Sites touristiques à Naples et en Campanie
The obelisk was given from the people to Carlo di Borbone who always wanted to see displayed the statue of the Virgin. Everything was organized by the Jesuit Father Pepe, well-known upholder of the rights of the poor and a well-respected man by the Bourbon court. In 1747, the beautiful baroque guglia was constructed and was dedicated to the Virgin Mother with much dismay from the Duke of Monteleone who was afraid of the towering obelisk falling onto his building.
The king would have wanted to contribute his own money to the great “collection” by Father Pepe, but Pepe refused because of his want to succeed by himself in scraping together from within the surrounding towns the sizeable figure to pay for the artists. The design of the Virgin Mother is by Genoino according to the indications from Father Pepe. The beautiful full-relief sculptures whose medallions in high-relief represent saints of the Jesuit origin and evangelic events are by Matteo Bottiglieri and Francesco Pagano.
Gesù Nuovo, designed by the Jesuit L. Valeriani, was constructed in the 16th century with a diamond-point bossed façade in the area of the renaissance Palazzo Serseverini. In 1767, the Jesuits were banished by the king, and the church was passed to the reformed Franciscans. But finally in 1821, the church was returned to its original founders. The inside presents magnificent multicolored marble on the walls. The high altar contains inlaid work of black agate stone, “porfido”, “diaspro”, amethyst, malachite and lapis lazuli. On the other wall is a fresco by F. Solemena with the “Cacciata di Eliodoro” (The Expulsion of Eliodoro) from the temple in 1725. The ceiling has frescoes on the center nave by B. Corenzio and P. De Matteis.
The large chapel of S. Ignazio di Loyola, founder of the company of Jesus, was erected by the Prince Gesualdo from Venosa, the celebrated madrigal singer who had his own wife killed along with her lover. The cappella of visitation guards the remains of San Giuseppe of Moscati, the doctor from the hospital of the incurable and university professor, the same saint that dedicated his entire life to helping the sick and the poor. He was declared a saint in 1987.
Santa Chiara e chiostro maiolicato
This provincial gothic work by Gagliardo Primario was erected in 1310 by Roberto Angiò and Queen Sancia.
The church exhibits three “epoche stilistiche” (stylistic eras): the first “gothic” with the mournful monument by Roberto d’Angiò; the real tombs by Tino Camaino and the great frescoed room by the students of Giotto and Cavallini; the second era “baroque” for the rehashing that distorts the whole fourteenth-century style. And the third era, set up by the bombardment of 1943 that destroyed the church but for a few meters with incalculable damages.
The reconstruction brought back the constructive lines to the original Franciscan idea, the little evidence that survived the deadly flames is still there with notable artistic interests.
The ninth chapel conserved the baroque structure and the official sepulcher of the Borbone family. The beautiful 18th century sepulcher is of Filippo the first son of Carlo of Borbone; in front is the tomb of the revered Maria Cristina of Savoia, mother of Francesco II of Borbone the last king of Naples who after few years now rests in the chapel after a long exile from his city. Behind the high altar lies the great sepulcher of Roberto that lost the steeple in the bombardment of 1943. The written words “cernite Robertum regem virtute refertum” was dictated from Petrarch. In the eighth chapel there is a Greek sarcophagus from the fourth century BC bas relief decorated.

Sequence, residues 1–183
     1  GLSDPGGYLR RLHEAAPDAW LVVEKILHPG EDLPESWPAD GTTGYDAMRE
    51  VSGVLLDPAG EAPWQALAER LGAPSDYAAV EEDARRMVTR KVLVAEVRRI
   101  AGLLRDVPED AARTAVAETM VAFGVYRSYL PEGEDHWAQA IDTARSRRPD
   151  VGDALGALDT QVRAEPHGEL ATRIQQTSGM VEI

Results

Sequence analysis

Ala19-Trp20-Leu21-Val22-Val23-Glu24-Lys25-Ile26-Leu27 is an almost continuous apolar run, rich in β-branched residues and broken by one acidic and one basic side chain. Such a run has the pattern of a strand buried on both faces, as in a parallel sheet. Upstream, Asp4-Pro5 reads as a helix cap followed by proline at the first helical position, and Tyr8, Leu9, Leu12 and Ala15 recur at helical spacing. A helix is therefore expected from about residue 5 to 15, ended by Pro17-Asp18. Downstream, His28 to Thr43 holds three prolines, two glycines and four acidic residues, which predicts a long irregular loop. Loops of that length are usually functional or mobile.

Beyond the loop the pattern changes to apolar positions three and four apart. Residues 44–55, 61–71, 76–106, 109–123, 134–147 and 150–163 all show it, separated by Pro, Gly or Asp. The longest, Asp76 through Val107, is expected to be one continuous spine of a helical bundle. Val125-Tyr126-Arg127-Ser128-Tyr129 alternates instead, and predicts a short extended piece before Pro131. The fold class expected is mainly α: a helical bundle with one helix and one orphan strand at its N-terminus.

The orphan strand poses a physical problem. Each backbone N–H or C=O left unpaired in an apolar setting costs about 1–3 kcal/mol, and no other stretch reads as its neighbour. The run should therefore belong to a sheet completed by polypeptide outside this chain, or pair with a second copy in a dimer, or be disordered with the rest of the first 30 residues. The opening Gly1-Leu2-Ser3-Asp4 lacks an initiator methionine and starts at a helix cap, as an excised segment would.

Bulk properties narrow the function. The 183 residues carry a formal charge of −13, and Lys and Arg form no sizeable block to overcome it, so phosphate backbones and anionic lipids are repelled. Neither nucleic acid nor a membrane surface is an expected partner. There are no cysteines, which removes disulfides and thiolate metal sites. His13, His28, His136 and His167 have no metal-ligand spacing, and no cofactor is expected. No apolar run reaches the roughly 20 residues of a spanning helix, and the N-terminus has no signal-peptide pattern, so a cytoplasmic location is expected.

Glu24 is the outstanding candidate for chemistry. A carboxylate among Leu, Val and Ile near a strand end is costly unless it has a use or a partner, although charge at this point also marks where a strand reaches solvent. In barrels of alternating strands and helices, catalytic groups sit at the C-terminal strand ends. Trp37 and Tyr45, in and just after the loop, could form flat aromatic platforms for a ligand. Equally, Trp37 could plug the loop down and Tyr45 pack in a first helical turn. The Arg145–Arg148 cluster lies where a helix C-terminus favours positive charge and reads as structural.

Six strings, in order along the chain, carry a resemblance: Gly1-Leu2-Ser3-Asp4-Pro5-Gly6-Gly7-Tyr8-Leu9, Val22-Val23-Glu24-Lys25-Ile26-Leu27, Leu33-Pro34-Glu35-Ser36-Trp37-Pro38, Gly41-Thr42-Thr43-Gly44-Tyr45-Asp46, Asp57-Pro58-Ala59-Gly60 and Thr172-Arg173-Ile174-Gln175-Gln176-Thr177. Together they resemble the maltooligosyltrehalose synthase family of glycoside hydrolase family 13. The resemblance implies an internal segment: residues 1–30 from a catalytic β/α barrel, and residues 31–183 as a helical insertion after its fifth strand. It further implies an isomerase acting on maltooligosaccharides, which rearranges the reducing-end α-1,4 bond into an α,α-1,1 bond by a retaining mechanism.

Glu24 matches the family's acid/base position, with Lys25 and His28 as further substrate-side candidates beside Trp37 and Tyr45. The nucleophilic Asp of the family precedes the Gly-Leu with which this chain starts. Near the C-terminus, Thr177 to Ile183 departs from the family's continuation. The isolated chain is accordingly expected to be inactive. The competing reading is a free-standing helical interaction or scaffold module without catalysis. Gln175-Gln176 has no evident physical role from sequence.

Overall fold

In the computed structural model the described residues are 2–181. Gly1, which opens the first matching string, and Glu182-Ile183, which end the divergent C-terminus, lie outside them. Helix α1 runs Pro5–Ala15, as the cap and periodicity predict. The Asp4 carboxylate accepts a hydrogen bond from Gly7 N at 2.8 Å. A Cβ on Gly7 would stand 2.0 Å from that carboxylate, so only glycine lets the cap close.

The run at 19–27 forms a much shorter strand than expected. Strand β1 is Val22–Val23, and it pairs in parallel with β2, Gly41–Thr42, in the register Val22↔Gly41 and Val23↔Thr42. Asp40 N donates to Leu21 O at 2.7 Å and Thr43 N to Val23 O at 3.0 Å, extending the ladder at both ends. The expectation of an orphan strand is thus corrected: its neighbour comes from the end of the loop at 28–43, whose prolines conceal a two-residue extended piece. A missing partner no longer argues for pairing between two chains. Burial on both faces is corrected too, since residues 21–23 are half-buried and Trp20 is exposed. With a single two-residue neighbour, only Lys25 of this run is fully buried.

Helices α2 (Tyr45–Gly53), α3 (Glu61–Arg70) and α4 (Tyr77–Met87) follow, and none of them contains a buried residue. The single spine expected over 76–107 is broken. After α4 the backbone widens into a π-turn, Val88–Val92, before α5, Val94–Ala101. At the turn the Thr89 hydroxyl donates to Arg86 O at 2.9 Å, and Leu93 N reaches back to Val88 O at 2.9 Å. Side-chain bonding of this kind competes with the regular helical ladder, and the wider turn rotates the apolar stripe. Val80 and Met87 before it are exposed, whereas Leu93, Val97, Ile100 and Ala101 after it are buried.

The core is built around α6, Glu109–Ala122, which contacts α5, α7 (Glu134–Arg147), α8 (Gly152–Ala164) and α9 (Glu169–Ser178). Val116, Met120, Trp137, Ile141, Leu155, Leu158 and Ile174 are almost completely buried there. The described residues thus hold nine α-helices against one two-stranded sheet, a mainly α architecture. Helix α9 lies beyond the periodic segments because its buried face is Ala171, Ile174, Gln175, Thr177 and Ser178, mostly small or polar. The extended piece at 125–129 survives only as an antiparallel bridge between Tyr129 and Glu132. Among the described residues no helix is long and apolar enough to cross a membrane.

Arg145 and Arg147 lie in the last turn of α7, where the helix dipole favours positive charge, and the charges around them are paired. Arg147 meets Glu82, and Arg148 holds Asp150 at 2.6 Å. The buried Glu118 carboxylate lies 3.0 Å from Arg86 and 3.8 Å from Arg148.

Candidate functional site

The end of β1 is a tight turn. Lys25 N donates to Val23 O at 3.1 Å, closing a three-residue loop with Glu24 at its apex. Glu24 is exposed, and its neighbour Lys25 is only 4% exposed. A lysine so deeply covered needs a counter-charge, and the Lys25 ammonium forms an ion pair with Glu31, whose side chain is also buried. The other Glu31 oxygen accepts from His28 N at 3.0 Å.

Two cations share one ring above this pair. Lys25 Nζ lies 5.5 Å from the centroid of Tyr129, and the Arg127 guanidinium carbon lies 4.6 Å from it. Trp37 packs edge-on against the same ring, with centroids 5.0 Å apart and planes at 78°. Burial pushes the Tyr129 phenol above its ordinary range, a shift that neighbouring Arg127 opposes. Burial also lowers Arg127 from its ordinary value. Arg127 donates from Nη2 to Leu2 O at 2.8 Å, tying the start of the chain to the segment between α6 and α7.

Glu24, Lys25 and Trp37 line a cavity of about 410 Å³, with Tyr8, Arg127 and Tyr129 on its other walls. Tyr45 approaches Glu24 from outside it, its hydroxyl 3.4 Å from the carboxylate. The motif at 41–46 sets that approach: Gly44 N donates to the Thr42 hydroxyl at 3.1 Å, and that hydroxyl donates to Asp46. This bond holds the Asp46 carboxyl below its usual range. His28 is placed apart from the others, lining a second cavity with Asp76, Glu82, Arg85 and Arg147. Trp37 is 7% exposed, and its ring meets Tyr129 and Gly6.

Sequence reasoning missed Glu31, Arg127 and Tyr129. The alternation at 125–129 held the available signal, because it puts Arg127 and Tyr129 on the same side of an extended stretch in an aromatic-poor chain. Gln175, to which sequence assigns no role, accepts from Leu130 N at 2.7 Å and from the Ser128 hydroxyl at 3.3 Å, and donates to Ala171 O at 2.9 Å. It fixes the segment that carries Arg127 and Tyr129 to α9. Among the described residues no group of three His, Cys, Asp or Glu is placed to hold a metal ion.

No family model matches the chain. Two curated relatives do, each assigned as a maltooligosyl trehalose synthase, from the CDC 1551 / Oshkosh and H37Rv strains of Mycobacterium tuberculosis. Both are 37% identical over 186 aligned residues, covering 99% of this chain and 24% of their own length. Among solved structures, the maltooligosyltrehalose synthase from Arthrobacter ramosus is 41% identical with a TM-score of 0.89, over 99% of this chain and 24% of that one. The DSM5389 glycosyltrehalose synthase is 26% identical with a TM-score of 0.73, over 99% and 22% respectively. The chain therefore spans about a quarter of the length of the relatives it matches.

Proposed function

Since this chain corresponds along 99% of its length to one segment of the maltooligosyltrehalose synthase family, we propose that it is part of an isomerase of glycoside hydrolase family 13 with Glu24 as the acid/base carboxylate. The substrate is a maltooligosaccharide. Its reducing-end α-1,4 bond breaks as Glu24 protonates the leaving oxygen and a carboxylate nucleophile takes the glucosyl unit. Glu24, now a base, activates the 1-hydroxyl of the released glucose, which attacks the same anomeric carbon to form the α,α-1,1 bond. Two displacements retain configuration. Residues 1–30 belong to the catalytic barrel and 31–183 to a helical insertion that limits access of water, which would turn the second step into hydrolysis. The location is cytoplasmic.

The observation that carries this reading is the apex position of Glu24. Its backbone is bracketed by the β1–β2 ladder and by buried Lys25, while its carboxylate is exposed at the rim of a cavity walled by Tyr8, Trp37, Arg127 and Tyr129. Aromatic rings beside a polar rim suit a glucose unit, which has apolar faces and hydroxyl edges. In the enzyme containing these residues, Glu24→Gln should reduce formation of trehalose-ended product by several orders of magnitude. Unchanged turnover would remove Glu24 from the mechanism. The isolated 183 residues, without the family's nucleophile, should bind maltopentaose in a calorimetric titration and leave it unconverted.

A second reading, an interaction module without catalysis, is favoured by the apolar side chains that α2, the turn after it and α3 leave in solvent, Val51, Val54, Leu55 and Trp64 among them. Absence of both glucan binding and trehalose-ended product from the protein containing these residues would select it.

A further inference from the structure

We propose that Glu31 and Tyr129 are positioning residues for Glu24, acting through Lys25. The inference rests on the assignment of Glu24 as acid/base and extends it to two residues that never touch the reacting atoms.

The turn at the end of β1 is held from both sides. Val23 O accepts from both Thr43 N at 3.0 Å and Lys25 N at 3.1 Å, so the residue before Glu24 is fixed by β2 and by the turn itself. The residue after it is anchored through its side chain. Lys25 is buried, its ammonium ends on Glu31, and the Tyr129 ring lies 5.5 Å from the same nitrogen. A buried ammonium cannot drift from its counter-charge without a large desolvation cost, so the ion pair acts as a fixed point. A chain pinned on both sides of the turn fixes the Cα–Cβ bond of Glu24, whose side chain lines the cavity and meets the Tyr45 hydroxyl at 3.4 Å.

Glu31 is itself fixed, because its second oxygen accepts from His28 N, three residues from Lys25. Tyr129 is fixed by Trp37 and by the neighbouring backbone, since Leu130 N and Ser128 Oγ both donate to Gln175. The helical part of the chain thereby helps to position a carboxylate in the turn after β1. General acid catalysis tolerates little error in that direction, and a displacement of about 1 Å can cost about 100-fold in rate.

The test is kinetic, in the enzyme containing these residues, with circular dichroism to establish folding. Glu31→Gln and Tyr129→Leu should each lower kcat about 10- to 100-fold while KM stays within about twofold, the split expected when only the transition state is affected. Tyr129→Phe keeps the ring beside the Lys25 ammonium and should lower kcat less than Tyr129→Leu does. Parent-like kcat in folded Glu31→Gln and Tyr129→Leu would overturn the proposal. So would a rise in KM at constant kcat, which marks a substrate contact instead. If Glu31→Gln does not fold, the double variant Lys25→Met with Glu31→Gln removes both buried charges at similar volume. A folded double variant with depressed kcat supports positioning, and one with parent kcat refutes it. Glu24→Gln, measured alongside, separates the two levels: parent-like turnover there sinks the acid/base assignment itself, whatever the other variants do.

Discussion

The cloister of gothic origin was transformed in 1742by Domenico Antonio Vaccaro under the order of Queen Maria Amalia, wife of Carlo of Borbone. Donato and Giuseppe Massa, of the renowned “riggiolari” Neapolitan family, worked to redesign the structures of the cloister with stupendous multicolored tiles on the same drawings of Vaccaro.
Basilica di S. Francesco di Paola e Largo di Palazzo
In the neoclassic style, inspired by the Pantheon of Rome, this basilica was erected by Ferdinando of Borbone as an ex voto for recuperation of the monarchy after the fall of Napoleon.
The dome holds the statue of “Religione”, “S. Francesco di Paola” and “S. Ferdinando”, in homage to the king. The large round center is thirty-four meters in diameter and is covered by an enormous dome scaling up to fifty-three meters, supported by thirty-four Corinthian columns and thirty-four pillars, all in valuable marble from Mondragone. The high altar of 1641 is preciously inlaid with “porfido”, agate stones, Sicilian diaspran and lapis lazuli, works of art worth a fortune by Anselmo Cangiono, “prelevato” (withdrawn) by royal command from the SS. Apostoli. Another piece of worth is a “San d’Onofrio in prayer” by Luca Giordano in the chapel on the left at the entrance.
At the center of the piazza are the two statues of Carlo III of Borbone and his son Ferdinando IV on horseback; the statue of Ferdinando and his beautiful horse are by Antonio Canova, as well as the other horse that was part of the statue commissioned by Napoleon to Canova by Giuseppe Bonaparte which was successively acquired by Ferdinando IV.